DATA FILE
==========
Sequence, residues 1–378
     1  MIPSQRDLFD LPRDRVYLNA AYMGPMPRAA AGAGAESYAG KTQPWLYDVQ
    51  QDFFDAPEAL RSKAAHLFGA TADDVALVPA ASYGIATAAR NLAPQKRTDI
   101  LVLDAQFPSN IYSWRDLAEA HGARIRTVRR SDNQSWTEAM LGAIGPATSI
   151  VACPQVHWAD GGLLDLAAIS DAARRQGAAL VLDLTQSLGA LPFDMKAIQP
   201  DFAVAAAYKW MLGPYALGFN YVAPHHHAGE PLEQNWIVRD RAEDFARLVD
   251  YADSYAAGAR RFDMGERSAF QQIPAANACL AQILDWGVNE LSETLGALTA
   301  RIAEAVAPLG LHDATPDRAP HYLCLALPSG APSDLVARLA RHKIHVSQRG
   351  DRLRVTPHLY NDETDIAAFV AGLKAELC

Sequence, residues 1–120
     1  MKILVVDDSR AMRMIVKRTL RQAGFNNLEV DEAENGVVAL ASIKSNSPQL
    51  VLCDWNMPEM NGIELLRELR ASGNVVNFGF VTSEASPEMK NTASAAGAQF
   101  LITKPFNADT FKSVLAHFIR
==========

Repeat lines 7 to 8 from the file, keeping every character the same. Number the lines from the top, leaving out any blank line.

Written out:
   251  YADSYAAGAR RFDMGERSAF QQIPAANACL AQILDWGVNE LSETLGALTA
   301  RIAEAVAPLG LHDATPDRAP HYLCLALPSG APSDLVARLA RHKIHVSQRG